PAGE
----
After graduating from Omaha Northwest High School in 2009, Ashley Rae Turner says she was happy to leave town to pursue undergraduate studies at the University of Nebraska-Lincoln.
“I was definitely that person in high school who thought I was never going to be in Omaha again after I left,” she says.
By 2015, she was ready to return. Coming back, however, was contingent upon finding activities involving other young professionals and exploring civic opportunities for her peer group.
“If I could find a reason to stay, I would stay,” she says. “And I didn’t really want to have a mindset that, ‘this is temporary and then I’ll leave for somewhere else.’”
Realizing that several people in her peer group express similar concerns about a lack of opportunity, Turner became involved in community engagement through Urban League of Nebraska, where she joined the volunteer auxiliary group
ULN Young Professionals.
“From the very beginning I just saw an opportunity to improve Omaha for YPs [young professionals] but especially YPs of color,” Turner says.
Last year, Turner became a member of a community diversity and inclusion workgroup stemming from a joint effort of ULN and the Greater Omaha Chamber. The group aims to address key findings from a 2017 diversity and talent inclusion survey commissioned by the two organizations, including an area in which Turner has a special interest: technology and start-ups.
“It is one area I made sure was not overlooked in the survey recommendations, finding more ways to support black YP start-ups and helping them get funding,” Turner says.
Turner served as the programming co-chair for the Chamber’s 2018 YP Summit, held March 1 at CenturyLink Center.
YP Summit Chair Angel Starks says she called this year’s Summit planners “Dream Team 2018.”
“As chair, I couldn’t be more proud of my co-chairs, and especially of our programming. We enacted a speakers’ academy, we’ve done some things for our breakout speakers we’ve never done before, and I think we’ve set the tone for what’s to come,” she says. “That’s thanks to Ashley and her co-chair (Megan Flory Tommeraasen with Mutual of Omaha), specifically.”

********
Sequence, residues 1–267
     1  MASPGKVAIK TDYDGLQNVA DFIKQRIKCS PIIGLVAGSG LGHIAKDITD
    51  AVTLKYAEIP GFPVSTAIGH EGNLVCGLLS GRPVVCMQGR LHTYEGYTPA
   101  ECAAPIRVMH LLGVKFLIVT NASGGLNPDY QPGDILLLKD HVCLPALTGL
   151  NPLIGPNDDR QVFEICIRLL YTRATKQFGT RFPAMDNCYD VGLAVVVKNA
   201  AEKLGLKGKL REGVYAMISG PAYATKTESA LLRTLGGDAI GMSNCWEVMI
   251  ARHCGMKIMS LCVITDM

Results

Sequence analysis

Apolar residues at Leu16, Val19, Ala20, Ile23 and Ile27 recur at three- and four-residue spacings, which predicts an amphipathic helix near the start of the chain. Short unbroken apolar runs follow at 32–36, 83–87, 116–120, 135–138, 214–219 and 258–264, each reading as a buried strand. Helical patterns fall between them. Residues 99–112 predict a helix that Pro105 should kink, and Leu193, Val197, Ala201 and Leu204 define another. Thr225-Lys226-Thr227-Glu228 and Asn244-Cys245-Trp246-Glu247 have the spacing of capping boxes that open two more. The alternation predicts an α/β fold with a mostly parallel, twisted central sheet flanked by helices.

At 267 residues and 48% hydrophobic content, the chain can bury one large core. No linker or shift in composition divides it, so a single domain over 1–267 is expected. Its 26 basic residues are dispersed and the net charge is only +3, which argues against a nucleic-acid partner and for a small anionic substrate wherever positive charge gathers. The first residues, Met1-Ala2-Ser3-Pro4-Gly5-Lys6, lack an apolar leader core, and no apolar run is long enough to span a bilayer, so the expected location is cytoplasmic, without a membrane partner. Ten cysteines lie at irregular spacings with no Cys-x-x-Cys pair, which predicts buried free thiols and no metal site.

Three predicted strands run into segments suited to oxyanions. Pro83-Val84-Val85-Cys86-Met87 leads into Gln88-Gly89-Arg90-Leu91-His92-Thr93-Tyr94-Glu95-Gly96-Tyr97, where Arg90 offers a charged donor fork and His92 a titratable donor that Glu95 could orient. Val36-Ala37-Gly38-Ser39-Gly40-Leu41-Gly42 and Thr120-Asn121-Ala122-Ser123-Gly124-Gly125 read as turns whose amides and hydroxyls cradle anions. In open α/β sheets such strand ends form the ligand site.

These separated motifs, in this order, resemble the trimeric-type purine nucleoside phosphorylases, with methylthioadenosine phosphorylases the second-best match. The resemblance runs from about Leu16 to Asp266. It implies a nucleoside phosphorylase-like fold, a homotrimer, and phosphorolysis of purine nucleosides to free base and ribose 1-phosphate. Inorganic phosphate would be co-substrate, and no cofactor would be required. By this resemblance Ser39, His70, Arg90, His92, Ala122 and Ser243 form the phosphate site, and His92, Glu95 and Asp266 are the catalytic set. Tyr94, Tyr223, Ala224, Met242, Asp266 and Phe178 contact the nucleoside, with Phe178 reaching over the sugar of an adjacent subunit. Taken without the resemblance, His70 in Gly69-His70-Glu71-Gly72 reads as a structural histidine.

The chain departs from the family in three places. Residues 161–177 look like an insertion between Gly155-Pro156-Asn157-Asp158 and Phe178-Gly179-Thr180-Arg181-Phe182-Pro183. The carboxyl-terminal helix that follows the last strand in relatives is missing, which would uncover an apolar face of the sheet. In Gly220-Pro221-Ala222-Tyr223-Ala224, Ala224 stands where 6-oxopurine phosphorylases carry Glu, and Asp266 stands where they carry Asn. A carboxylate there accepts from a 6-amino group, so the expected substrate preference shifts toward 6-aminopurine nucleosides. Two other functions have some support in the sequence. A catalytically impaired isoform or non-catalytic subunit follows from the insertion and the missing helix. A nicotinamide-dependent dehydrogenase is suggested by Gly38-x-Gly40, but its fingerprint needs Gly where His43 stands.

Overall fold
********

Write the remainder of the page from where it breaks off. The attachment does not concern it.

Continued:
In January, Turner also added volunteer engagement chair for the YP Council to her Chamber responsibilities.
She says she aspires to help foster a community in which YPs throughout Omaha feel welcomed, which hopefully will ultimately inspire them to become more engaged and involved. It’s all part of her mission to “be a voice for other YPs who aren’t necessarily at the table,” she says.
Last year, Turner began working for Borsheims as a content and marketing specialist, and one of the biggest contributions she’s made so far is executing a revamp of the company’s content marketing program, including establishing relationships with key influencers for future contributions and creating plans for new web features such as an education center and a lifestyle blog.
“It will be really robust content around Borsheims, around our vendors, and just around why we are the best at what we do and why you should choose Borsheims,” Turner says. “I really love social media. I love communicating and finding different ways to reach different individuals.”
In what little free time she has left, Turner also writes a food blog. And now she’s working with a partner to launch a lunchtime networking series for YPs, a channel that brings together her palette of talents and interests.
Whatever she does, Turner brings a sense of professionalism to her projects.
“It’s amazing that, although she’s involved in a lot of things, she brings quality to everything she touches,” Starks says.
This article was printed in the April/May 2018 edition of B2B.